Yesterday we had hung Kathleen’s map of the Voyage of the Pequod on the east side of the central pillar and her Ahab: thou must not follow on the north side.  Today we completed the circuit.  First, we hung Laura Bird’s Freedom and Cara Dyne’s Reader’s Response to Moby-Dick on the west side of the pillar.  We love the contrasting kinds of freedom depicted and explored in contrasting media.

laura & cara

Laura’s Freedom and Cara’s Reader’s Response to Moby-Dick

On the south side of the pillar we placed Kathleen’s The Women of New Bedford directly under Caitlin’s Whiteness triptych.  Seeing them together, I was amazed at the degree to which the elusive whiteness of the vertical female figure in Kathleen’s Women of New Bedford resembles that of her horizontal counterpart in Caitlin’s Whiteness sequence.

caitlin and kathleen women 2

Soon after we had fastened these three “loose fish” to the central pillar on the third floor, Kathleen and John Piercefield arrived with her monumental Queequeg for the rock garden.  She had written the night before that they had decided to wire and clamp his eight panels together and bring him whole. They had wrapped him very securely against the weather and we had arranged for them to bring him into the building through the freight door in the southeast corner of the building.  They were quite a sight as they brought him into the main reception area and carried him, with the help of a librarian, downstairs to be unpacked and lifted up into the rock garden.

Here comes Queequeg

Here comes Queequeg

Looking for a home

QQ turning the corner

opening QQ 2

opening QQ 3

Once Queequeg was out of his wrapping, Kathleen ascended the ladder and she and John brought him up into the garden and leaned him against the bright orange light standard.  He fit just as we had expected, resting securely on a small wooden board to cushion him from the rocks.  From now until May 15, Queequeg in his own proper person will dwarf everyone who enters the building behind him, but without their knowing it unless they walk up or down the staircase and see him from the north side.

Queequeg on the rocks

Queequeg on the rocks

What a difference a day makes!  Queequeg fills up the rock garden like it was made for him.  His noble stature and golden tones play off beautifully against Fred North’s Ishmael sailing off into the “howling infinite,” Aaron Zlatkin’s white whale impaling himself on the mast-heads, and Kathleen Piercefield’s Pip struggling for his life.  One essential figure was missing from this dramatic ensemble, the obsessed captain whose virulent obsession drives the plot of the novel and takes his entire crew, save one, down with him.  So the fifth artwork we placed in the rock garden was Ahab’s Leg by Christopher Roach, its golden color, beyond its black strap, a lovely match with the pervasive color of Queequeg’s print, but its ultimate fate, severed from its body and abandoned on the rocks, in the sharpest possible contrast to the glorious selfhood of the upright harpooneer.  My favorite view of the rock garden ensemble is from high above on the stairway, where, even in a diminished perspective, each of the five works is clearly seen, pulling the eye down with a vortical force similar to that which sucked the Peqoud and its sailors out of sight.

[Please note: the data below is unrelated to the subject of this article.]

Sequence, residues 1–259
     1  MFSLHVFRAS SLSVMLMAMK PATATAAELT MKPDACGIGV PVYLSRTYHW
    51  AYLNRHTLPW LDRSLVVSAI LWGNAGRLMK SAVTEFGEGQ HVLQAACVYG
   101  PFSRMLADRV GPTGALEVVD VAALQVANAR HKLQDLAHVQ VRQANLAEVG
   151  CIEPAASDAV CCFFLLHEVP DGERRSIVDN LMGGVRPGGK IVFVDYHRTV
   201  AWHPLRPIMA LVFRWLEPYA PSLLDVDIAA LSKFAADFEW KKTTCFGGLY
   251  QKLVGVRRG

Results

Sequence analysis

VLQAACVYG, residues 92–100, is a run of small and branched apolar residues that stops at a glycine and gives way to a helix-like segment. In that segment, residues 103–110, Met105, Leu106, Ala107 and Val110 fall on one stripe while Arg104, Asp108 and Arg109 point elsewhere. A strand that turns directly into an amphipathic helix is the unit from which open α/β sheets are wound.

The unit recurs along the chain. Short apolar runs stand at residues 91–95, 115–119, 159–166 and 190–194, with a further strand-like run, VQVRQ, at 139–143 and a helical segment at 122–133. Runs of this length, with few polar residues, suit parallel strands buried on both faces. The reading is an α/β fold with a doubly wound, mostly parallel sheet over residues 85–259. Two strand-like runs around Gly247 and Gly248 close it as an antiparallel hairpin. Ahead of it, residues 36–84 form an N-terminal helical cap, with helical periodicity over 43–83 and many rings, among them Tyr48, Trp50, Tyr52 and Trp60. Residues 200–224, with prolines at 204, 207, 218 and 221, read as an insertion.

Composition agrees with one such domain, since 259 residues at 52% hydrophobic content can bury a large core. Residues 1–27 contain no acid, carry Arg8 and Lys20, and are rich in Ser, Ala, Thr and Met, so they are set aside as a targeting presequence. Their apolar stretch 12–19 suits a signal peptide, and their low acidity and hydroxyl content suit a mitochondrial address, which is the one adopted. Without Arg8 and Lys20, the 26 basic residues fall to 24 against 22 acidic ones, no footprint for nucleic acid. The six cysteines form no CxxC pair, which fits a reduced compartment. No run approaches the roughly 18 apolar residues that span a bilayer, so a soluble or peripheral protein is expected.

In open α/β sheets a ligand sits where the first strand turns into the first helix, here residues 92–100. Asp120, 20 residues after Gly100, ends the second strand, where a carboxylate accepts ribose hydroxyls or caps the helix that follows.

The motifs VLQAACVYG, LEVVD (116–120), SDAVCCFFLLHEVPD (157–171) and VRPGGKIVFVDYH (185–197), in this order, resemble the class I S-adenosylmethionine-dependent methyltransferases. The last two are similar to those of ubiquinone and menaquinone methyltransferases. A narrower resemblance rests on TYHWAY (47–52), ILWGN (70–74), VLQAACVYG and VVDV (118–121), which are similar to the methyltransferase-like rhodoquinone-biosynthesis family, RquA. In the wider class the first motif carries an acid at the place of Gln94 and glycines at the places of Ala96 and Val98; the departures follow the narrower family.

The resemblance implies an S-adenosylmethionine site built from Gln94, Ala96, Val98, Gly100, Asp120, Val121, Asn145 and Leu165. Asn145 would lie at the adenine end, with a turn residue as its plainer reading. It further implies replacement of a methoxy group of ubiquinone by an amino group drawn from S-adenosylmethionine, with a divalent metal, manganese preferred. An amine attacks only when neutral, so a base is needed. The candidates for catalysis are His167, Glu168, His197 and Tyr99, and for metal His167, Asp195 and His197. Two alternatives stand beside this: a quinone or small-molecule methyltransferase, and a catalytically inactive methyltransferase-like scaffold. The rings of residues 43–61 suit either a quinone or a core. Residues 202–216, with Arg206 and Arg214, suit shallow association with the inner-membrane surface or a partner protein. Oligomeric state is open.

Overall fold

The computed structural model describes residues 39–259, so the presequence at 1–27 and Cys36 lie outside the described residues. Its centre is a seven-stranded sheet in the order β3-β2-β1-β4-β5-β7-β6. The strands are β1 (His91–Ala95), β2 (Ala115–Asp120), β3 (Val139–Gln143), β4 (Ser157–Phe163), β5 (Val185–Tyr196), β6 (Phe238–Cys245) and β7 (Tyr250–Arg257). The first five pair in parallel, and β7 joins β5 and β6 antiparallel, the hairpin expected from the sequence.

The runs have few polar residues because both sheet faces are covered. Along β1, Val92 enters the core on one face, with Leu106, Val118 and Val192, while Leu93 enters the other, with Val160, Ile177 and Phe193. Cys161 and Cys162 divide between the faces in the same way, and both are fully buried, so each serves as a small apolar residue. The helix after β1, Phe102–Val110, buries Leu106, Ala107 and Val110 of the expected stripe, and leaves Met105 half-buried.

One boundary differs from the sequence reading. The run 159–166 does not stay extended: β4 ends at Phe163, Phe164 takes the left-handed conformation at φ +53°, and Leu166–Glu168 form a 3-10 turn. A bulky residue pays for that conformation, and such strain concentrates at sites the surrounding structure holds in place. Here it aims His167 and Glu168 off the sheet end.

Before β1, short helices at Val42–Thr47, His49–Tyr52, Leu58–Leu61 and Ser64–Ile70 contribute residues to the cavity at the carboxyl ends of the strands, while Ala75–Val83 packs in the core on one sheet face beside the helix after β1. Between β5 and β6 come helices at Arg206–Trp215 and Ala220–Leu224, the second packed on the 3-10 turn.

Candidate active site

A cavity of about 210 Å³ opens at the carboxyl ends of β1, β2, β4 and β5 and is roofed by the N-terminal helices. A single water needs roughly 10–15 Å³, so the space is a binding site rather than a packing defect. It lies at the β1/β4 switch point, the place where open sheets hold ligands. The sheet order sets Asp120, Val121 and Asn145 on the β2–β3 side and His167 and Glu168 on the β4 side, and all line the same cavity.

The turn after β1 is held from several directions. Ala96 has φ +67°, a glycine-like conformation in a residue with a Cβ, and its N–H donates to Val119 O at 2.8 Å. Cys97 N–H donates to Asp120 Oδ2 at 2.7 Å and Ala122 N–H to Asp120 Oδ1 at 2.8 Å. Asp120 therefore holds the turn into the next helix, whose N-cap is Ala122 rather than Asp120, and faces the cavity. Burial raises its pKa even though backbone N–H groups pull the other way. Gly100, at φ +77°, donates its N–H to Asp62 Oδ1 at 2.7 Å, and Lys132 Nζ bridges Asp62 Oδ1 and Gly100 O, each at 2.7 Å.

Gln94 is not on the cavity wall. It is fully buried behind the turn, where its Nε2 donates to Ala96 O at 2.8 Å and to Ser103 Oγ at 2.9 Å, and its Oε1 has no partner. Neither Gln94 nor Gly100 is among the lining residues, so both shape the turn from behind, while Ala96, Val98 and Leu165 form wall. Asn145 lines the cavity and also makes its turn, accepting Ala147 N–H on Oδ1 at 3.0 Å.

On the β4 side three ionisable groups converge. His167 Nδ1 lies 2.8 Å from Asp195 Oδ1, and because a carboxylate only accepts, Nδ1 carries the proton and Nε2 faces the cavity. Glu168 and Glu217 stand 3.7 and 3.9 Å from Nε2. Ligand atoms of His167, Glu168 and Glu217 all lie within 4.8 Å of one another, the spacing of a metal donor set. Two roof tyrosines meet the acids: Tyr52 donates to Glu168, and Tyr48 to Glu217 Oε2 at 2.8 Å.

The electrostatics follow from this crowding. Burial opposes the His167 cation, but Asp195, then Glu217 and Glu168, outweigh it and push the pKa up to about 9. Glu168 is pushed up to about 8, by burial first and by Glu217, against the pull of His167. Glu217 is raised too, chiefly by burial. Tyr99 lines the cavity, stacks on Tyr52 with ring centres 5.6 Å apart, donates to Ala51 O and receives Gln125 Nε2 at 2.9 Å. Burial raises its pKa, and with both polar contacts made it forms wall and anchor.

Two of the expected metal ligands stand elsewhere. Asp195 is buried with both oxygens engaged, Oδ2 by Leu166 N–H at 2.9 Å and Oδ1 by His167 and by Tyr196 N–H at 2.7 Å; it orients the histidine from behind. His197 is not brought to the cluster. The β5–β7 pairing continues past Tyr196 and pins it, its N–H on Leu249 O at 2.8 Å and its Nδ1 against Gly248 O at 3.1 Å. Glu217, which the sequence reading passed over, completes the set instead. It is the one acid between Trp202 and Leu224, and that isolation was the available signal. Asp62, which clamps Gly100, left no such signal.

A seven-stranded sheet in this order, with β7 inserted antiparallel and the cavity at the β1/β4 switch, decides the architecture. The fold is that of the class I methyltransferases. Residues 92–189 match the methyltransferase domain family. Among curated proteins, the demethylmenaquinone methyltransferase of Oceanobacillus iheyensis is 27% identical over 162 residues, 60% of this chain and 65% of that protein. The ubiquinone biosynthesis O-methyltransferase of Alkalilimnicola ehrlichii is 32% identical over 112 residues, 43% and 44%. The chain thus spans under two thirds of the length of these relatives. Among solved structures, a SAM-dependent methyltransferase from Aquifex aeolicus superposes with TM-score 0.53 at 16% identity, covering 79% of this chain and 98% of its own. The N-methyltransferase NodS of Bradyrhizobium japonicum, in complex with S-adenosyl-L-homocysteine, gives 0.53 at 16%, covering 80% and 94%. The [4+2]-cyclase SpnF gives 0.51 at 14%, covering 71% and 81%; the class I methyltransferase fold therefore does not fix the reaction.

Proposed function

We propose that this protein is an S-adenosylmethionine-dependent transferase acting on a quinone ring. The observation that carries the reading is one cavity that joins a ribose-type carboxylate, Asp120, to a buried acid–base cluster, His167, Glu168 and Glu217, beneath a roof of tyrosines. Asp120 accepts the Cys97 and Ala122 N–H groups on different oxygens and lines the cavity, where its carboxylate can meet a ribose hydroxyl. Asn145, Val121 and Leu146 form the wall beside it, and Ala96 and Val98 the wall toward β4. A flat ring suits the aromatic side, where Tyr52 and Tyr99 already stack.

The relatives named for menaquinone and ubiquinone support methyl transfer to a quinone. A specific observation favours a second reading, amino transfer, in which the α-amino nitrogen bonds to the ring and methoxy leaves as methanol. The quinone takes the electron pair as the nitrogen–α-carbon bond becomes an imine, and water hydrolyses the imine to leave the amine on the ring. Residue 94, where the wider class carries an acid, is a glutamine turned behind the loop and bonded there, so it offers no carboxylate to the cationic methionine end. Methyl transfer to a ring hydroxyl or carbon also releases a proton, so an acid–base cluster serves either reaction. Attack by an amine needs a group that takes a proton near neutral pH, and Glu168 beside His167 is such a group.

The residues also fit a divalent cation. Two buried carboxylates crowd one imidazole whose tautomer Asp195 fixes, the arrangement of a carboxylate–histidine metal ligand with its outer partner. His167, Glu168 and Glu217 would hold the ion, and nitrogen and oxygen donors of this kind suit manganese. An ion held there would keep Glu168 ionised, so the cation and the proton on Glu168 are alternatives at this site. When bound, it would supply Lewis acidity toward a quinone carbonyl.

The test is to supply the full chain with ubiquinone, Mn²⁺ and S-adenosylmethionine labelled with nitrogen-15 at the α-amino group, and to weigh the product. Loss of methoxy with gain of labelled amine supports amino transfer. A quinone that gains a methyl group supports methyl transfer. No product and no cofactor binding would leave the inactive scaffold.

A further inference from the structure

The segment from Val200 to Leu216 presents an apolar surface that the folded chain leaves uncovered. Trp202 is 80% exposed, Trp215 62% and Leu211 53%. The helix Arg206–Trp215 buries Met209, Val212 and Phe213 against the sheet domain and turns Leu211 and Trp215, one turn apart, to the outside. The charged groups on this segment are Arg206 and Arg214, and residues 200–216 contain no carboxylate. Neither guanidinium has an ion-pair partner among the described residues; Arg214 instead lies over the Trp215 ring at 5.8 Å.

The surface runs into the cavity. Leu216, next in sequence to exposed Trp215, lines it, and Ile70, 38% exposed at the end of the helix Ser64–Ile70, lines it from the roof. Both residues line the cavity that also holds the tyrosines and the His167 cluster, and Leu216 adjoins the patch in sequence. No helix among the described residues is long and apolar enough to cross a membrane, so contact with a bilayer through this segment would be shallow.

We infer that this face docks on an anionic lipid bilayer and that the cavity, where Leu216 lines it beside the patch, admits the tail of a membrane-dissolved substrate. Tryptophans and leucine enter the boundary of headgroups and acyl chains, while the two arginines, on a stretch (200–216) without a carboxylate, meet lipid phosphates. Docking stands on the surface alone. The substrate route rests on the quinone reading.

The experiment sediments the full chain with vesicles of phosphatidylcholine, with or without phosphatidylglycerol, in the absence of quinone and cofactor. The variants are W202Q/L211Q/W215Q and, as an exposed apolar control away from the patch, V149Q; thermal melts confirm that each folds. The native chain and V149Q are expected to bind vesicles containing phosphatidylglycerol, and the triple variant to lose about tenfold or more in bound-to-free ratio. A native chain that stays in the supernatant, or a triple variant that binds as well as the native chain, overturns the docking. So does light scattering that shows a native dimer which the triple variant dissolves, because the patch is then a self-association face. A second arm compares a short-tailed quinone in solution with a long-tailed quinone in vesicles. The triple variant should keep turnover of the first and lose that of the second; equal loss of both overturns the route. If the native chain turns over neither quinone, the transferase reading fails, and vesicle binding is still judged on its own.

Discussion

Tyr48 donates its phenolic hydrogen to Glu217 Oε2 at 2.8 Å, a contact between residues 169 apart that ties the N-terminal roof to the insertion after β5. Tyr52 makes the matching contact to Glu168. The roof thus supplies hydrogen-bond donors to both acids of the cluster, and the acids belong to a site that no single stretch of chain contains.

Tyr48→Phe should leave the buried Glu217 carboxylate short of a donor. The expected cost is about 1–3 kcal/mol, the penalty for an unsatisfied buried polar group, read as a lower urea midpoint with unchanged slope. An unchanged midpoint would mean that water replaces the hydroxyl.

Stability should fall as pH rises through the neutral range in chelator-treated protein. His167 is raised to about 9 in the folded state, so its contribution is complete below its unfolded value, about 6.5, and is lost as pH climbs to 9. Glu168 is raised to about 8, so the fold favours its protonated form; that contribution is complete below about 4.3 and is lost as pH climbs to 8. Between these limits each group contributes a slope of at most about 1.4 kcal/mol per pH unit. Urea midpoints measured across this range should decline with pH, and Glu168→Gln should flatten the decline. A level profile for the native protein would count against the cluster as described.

five on rocks from on high

Kathleen loved the spots we had found for Pip: Transcendence yesterday and for her Moby Dick, Headwaters, and Women of New Bedford prints this morning.  After she and John headed back to Dry Ridge, Emma Rose and I made our plans for the coming week.   After she left to teach her dance class, I stayed for an hour longer, taking some photos for this blog and catching up on emails that had come in during the day.

Caitlin Sparks and Jay Gray with White Whale Triptych

Caitlin Sparks and Jay Gray with White Whale triptych

Caitlin had said she had hoped to frame her three White Whale photos and get them to me by the end of the week.  Now, shortly before closing time on Friday, here she was with Jay, eager to walk upstairs and see how they looked in their designated place.  The three photos looked perfect on three successive stack fronts, and their elusive, alluring white bodies related well to those in Caitlin’s three Whiteness photos on the pillar below them to the right (as well as to the white female figure in The Women of New Bedford).  Caitlin and Jay looked as wonderfully as the art works did.  Today was exactly one week since their opening at the Weston Gallery had dramatically raised their profile as an artistic partnership in Greater Cincinnati.  After setting the White Whale photos high on the stack fronts, we discussed some of the ways in which their Numediacy partnership might document the upcoming Moby Arts Fest.  I will be commissioning them to document the four-day sequence in whatever way they think best, the end result to be posted on YouTube with a link to this blog.

Emma Rose and I felt we’d had an excellent week.  We had taken one day a time as its opportunities and challenges allowed.  This venue accommodated, and showcased, our artworks more capaciously and more professionally than we had imagined.  By the end of the week we could say, with Emily Dickinson, “[We] made slow Riches, but [our] Gain / Was steady as the Sun.”  We were weaving the “crosswise threads” of our matt-making pattern into a strong, shapely, living fabric.